A quarterly selection from each season’s News blogs, plus a student spotlight
STEM Synergy Ethiopia to Celebrate 2019 National Science Fair
STEM Synergy in partnership with Ministry of Education (MoE), Ministry of Science and Higher Education ( MoSHE), the National Commission for UNESCO, the Addis Ababa Liaison Office for UNESCO, the Ethiopian Academy of Science , Kotebe Metropolitan University and others has organized a Science Fair Competition from November 5 – 10, 2019 at the Headquarters of the Ethiopian Academy of Science.
The competition will be among students that have come from public and private schools all over the country. Students from the existing nine STEM centers present their work on topics including robotics, engineering and software applications. The exhibition is officially opened by Mrs. Tsion Teklu , Deputy minister of education, Professor Tsegie Woldemariam , President of Ethiopian Science Academy and Mr. Tsegaye Legesse, President of STEM Synergy. The exhibition will be visited by high-profile government officials, science scholars, and the general public on the above dates from 9:00 am to 5:00 pm.
Finalist will be selected by judges in the fields based on rigid rubrics . And they will be rewarded with lab tops and other gifts.
The Science Fair will mark the World Science Day which is commemorated on November 10. Worldwide, it is used to raise awareness of the contribution of science to societies. In particular, it is used to inspire creativity and innovation among Ethiopian students.
STEM Synergy’s sponsors for the 2019 events include Boeing and Ethiopian Airline.
More will come when the event is over.
STEM Synergy opened 8 mini-STEM learning centers in Ethiopia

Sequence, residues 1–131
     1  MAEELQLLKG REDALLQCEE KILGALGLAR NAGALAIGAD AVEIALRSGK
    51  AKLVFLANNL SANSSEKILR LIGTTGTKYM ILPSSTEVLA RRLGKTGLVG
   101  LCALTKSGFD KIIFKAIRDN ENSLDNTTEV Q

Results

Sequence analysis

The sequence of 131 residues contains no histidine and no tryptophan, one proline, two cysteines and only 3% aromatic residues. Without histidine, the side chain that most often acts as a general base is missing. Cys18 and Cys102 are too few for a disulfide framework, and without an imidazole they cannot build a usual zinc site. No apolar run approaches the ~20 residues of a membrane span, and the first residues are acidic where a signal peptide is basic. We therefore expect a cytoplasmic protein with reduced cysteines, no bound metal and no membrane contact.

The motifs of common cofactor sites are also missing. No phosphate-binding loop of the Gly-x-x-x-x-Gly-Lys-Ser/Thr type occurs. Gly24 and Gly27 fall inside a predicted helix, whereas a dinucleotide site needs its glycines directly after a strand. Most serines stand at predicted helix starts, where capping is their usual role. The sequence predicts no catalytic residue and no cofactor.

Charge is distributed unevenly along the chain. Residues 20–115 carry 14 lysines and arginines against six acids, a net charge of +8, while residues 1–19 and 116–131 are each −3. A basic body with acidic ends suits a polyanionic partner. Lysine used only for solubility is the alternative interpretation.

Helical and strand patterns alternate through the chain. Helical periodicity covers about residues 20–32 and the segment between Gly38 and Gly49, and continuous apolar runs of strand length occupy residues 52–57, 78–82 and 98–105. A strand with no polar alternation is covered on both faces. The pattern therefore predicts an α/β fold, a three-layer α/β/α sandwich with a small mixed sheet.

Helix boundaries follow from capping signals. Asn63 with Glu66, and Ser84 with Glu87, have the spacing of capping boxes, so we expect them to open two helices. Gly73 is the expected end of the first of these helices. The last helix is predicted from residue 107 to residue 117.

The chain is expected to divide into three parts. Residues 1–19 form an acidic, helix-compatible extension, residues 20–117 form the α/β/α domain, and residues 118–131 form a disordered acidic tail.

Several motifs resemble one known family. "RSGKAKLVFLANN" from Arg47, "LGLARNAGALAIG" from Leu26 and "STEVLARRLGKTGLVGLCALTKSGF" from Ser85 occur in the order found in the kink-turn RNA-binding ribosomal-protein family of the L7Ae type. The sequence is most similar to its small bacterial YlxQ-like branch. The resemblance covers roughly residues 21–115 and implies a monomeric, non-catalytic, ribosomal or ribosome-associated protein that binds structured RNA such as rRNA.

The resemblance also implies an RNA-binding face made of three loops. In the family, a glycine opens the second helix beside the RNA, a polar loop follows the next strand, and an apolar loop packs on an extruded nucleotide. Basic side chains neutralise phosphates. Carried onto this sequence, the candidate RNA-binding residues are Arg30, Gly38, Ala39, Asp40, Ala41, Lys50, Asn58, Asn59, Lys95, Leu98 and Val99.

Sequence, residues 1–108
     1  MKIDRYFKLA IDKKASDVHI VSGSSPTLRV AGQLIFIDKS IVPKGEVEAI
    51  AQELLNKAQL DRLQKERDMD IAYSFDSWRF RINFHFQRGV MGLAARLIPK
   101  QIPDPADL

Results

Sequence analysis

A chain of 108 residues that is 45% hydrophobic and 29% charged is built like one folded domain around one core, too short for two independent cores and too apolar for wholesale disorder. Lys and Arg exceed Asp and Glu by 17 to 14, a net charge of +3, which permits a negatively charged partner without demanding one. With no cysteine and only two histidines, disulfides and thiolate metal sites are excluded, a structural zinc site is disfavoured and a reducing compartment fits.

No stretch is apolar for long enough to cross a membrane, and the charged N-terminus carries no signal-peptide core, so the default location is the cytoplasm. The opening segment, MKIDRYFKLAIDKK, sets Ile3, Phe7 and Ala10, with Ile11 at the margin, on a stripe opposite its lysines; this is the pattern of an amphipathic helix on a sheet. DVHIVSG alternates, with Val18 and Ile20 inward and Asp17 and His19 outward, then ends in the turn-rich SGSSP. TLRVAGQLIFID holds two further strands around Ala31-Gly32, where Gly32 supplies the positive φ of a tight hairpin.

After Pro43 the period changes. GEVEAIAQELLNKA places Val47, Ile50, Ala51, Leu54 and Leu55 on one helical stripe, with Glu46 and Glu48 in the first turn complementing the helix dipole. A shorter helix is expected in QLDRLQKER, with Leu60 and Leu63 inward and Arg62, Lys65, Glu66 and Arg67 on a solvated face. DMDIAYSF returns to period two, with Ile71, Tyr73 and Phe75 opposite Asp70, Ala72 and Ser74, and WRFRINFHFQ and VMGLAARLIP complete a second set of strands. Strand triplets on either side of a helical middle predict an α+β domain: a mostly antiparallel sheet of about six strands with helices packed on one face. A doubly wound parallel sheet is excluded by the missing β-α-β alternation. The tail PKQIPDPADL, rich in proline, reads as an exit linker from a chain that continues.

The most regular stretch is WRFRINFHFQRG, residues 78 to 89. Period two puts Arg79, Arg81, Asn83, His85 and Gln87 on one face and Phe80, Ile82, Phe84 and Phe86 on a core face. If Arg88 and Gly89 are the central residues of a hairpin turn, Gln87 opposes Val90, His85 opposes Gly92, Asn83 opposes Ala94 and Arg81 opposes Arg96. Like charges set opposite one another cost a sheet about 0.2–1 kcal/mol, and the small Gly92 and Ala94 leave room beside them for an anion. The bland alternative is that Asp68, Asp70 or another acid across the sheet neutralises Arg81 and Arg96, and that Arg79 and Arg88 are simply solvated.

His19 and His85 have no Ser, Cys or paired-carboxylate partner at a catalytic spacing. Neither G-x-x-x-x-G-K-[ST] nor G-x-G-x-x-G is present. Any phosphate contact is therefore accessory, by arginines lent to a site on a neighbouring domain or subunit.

STEM Synergy is a non-profit organization that operates in Ethiopia since 2016. In the summer of 2019, It has opened and handed over eight mini STEM centers in different parts of the country. The new mini-STEM centers consist of two important STEM labs (the electronics and virtual computer labs). These labs are located in the university campuses but intended to benefit middle and secondary school students within the 10-mile radius of the university campuses. The labs are strategically located in the university campuses due to the availability of the basic infrastructures and qualified manpower among the Universities.
STEM Synergy spent about $450,000 to purchase equipment, and furniture. STEM Synergy will continue to support two years’ salary expenses of the two lab technicians to be hired by each center. Full takeover of financing the centers will be assumed by the universities when STEM Synergy project agreement expires after two years from now.
These newly opened mini -STEM centers are located in the campuses of the following universities ( Dilla, Debremarkos, Woldia, Haramaya, Kebridahar, Ethiopian Academy of Science, Gode Polytechnic College, and Harare Municipality). STEM Synergy handed over the centers to the university officials. Close to 600,000 primary and secondary school students are estimated to benefit out of these centers. STEM Synergy president, Tsegaye Legesse and Ato Getachew Gezahign, the Country Director were present during the hand over onsite from STEM Synergy.
Each mini-STEM Center houses two basic labs : Electronics and Virtual Computers: The ‘Virtual Computer Labs” are perhaps the most visible and geographically-wide program that is offered by STEM Synergy. Our solution is not a laptop computer for every student, nor is our solution a computer for every seat in a classroom! Such expensive unrealistic fads come and go. In our experience, we’ve sadly observed high failure rates with laptops, such that after about four years nearly all of the laptops are inoperable. We’ve equally sadly observed desktop computers permanently disabled by viruses, hardware failures, obsolete operating systems, inconsistent software, and failing power conditioners and batteries. That is the reality. The STEM Synergy solution is the “Virtual Computer Lab”. Within this innovative form of computer-learning, a single computer easily runs a classroom array of 20 to 30 student workstations. Each workstation is the usual configuration of a display monitor, a keyboard, and a mouse, but missing is the workstation’s computer! Instead of connecting to a computer, the student’s monitor/keyboard/mouse is connected to a “thin client” device. (In the photos, you can see the “thin client” device that’s affixed to the back of each student display monitor.) Every “thin client” is connected (by wireless or cable) to